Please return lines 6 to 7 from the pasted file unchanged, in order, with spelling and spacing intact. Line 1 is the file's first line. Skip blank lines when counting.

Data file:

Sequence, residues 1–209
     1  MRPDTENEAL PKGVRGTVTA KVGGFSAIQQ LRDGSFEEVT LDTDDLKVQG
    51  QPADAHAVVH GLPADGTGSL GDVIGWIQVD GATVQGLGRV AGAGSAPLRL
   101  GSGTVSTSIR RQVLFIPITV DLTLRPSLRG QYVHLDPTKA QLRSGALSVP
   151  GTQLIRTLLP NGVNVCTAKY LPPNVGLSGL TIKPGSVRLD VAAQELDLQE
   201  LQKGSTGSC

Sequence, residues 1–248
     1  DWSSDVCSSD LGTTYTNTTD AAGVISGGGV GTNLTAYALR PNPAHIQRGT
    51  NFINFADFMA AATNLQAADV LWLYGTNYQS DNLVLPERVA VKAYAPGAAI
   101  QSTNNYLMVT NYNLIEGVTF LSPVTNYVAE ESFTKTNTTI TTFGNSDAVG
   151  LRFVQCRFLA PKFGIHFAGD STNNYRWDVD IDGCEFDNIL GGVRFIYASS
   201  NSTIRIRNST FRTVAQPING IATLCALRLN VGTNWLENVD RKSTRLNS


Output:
   201  LQKGSTGSC

Sequence, residues 1–248